Novena for Peace

Blog by Associate Mary Ellen George, OPA

As we move into the Easter Triduum, celebrating the three holiest days of the liturgical year, we pause to reflect on Jesus’ Passion, death, and resurrection.   When Jesus greets his disciples after his resurrection, his first words are “Peace be with You.”  These are important words for us to embrace and extend to each other.  May we be a people of peace, being peace, building peace, and preaching peace by what we say and do.

For nine days following Easter Sunday, the Vocations’ team for the Dominican Sisters of Peace invites you to participate in a novena for peace.  This special time of focused prayer, Scripture, song, meditation, and reflection will be a sacred time of joining our hearts and minds in pursuit of peace.

Starting on Monday, April 2 through Tuesday, April 10, we will post a daily reflection from our Vocations’ Facebook page that addresses a different theme of peace.  You can find the novena on Facebook at   Some days we will be praying the novena LIVE on Facebook.  (If we will be praying the novena LIVE on Facebook, we will let you know on that day’s Facebook posting.)  We will be posting and archiving this novena on the congregation’s “Become a Sister” webpage.

The themes for each day of the novena are noted below:

Join us as we pray for peace within ourselves and within our world.  May the Holy Spirit bless this novena as we seek to be peace, build peace, and preach peace.

Posted in God Calling?, News


Sr. Pat Thomas, OP
Blog by Sr. Pat Thomas, OP

Today’s Gospel is a reminder of the painful times that Jesus had to face sometimes with his friends whom he called disciples. He tried to give them a message of hope, of compassion, and some responded with mistrust; a need for more than just hope for a good future but also for a successful present. They want it all and they want it now.

This is not news. This is how it is in 2018. Some members of the believing community will betray Jesus for just about anything: the right to run a stop sign ‘cause there is no traffic around; the right to complain bitterly when someone gets into the express check out line who should not have; the right to spread gossip and rumors; the right to deny people respect because they are not male, or are not white, or are not straight, or are not rich, or are not English speaking; the right to deny decent health care to everybody unless they can afford it.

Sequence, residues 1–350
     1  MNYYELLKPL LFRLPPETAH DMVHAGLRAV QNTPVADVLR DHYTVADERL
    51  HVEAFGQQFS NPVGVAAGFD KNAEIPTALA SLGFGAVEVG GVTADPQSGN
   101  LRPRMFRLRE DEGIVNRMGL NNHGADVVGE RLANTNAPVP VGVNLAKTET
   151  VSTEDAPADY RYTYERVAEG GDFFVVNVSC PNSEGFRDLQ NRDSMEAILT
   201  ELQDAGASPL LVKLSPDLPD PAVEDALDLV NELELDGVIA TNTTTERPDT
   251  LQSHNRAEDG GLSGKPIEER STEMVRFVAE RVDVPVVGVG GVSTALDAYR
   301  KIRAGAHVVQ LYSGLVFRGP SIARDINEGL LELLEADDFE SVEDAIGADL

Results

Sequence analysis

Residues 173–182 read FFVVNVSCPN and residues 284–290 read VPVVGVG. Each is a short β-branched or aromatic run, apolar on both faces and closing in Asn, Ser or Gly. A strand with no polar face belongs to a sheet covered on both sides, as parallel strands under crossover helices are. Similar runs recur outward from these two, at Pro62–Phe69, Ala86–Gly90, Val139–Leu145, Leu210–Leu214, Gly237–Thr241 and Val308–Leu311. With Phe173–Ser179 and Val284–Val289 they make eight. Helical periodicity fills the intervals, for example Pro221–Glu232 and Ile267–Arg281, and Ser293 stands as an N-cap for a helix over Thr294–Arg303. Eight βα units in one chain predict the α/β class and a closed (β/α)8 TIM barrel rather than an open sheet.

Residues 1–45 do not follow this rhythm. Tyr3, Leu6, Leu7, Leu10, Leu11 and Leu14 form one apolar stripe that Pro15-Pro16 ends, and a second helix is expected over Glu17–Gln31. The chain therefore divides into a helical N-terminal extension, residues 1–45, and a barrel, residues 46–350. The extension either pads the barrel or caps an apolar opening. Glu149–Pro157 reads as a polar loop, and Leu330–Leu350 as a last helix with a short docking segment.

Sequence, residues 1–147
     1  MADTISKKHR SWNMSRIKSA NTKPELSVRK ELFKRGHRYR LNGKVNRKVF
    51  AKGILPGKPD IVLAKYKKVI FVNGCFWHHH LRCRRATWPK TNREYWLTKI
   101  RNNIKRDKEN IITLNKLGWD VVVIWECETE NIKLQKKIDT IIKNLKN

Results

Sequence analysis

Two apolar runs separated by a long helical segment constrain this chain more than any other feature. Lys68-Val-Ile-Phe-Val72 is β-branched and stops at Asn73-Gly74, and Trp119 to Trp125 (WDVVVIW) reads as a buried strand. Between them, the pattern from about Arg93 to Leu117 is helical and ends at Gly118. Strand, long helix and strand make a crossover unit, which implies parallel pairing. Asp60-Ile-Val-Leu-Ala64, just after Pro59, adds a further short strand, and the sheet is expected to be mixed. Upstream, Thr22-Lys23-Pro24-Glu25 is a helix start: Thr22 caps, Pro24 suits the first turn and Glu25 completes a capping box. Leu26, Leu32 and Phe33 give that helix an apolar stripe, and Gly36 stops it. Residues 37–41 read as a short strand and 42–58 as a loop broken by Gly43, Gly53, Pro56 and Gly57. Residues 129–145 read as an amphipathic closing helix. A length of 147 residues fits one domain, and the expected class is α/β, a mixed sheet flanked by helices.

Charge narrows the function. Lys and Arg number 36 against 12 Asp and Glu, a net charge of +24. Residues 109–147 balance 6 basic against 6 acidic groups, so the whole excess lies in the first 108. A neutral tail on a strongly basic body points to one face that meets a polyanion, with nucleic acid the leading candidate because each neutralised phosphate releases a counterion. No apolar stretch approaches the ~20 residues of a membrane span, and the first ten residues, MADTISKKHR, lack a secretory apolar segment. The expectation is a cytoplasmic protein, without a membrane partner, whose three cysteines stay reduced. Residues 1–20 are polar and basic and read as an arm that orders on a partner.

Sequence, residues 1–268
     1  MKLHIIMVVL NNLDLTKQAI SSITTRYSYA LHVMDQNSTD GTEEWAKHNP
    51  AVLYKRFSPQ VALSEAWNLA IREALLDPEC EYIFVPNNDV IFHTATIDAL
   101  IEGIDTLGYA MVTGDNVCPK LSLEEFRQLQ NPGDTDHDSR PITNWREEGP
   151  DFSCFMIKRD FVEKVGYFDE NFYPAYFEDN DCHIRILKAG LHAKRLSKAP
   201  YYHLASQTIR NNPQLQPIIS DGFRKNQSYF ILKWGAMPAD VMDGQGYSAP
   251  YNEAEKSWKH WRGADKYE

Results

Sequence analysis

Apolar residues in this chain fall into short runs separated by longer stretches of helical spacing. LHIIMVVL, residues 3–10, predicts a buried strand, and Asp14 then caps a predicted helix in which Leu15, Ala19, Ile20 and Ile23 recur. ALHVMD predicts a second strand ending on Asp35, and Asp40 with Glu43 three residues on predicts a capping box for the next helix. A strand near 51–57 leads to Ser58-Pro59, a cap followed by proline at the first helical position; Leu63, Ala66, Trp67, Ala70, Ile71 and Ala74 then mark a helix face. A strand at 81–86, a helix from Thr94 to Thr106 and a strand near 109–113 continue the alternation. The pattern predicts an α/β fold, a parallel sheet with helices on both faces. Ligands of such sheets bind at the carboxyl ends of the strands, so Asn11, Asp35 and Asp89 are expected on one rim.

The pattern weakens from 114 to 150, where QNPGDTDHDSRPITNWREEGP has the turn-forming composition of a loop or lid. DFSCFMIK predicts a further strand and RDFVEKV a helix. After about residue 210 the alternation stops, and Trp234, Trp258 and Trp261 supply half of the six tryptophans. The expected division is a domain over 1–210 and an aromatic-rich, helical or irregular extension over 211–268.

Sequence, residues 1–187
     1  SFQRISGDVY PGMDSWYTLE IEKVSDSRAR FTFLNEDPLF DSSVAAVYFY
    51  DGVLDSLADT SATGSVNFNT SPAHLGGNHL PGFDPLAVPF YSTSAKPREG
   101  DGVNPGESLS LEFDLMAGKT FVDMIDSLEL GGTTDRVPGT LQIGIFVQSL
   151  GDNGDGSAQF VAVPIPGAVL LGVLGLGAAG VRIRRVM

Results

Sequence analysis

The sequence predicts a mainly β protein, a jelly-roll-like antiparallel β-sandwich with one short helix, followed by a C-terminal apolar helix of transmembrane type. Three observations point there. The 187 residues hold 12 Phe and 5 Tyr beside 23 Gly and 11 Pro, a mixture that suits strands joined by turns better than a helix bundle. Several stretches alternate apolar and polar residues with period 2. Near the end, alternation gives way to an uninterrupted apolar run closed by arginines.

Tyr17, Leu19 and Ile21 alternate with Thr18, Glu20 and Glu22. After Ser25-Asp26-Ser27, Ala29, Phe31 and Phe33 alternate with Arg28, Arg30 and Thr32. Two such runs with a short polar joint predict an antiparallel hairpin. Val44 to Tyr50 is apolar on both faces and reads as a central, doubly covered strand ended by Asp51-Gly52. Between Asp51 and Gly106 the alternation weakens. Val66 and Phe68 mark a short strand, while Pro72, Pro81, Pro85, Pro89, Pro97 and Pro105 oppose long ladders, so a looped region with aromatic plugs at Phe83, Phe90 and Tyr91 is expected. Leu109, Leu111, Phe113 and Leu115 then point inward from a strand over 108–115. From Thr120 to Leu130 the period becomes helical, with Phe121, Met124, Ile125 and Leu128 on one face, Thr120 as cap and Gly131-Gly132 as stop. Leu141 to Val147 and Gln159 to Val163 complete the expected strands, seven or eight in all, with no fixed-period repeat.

Jesus was sad that evening when he realized how weak his disciples still were after all those days they spent with him. We can say that that would never be us, but, truth be told, it often is in big and little ways every day.

So go ahead and judge Judas or Peter, but let’s pray for ourselves each and every day that we can grow more grace filled and more committed to the words of our God than ever before. We have the heart and the courage to try always to do the best we can. The world needs a lot more people like that, and we need a lot more holy weeks!

Posted in News, Weekly Word


Quest for Peace

Sooner or later all the people of the world will have to discover a way to live together in peace.” 
(From the Nobel Peace Prize acceptance speech by Martin Luther King, Jr.)

Opening Prayer
Gracious God, I want to be on a quest for Peace in my heart and to know ways that I can share with others the Being, Building
and Preaching of Peace by my words and actions.  I trust that you will guide me and  I ask for this guidance from You.  I love you, God, and I want always to please you!  Amen.

Song: Prayer for Peace by David Haas

Excerpt from Martin Luther King Jr.’s Nobel Lecture:
“I would like to use this lofty and historic platform to discuss what appears to me to be the most pressing problem confronting  (humankind) today.  Modern  (people) have brought this whole world to an awe-inspiring threshold of the future.  (They have) reached new and astonishing peaks of scientific success. (They have) produced machines that think and instruments that peer into the unfathomable ranges of interstellar space.  (They have) built gigantic bridges to span the seas and gargantuan buildings to kiss the skies.  (Their) airplanes and spaceships have dwarfed distance, placed time in chains, and carved highways through the stratosphere.  This is a dazzling picture of modern (people’s) scientific and technological progress.

Yet, in spite of these spectacular strides in science and technology, and still unlimited ones to come, something basic is missing.  There is a sort of poverty of the spirit which stands in glaring contrast to our scientific and technological abundance.  The richer we have become materially, the poorer we have become morally and spiritually.  We have learned to fly the air like birds and swim the sea like fish, but we have not learned the simple art of living as brothers (and sisters).

Every (human being) lives in two realms, the internal and the external. Our problem today is that we have allowed the internal to become lost in the external.  We have allowed the means by which we live to outdistance the end for which we live. This is the serious predicament, the deep and haunting problem confronting modern man  (and woman).”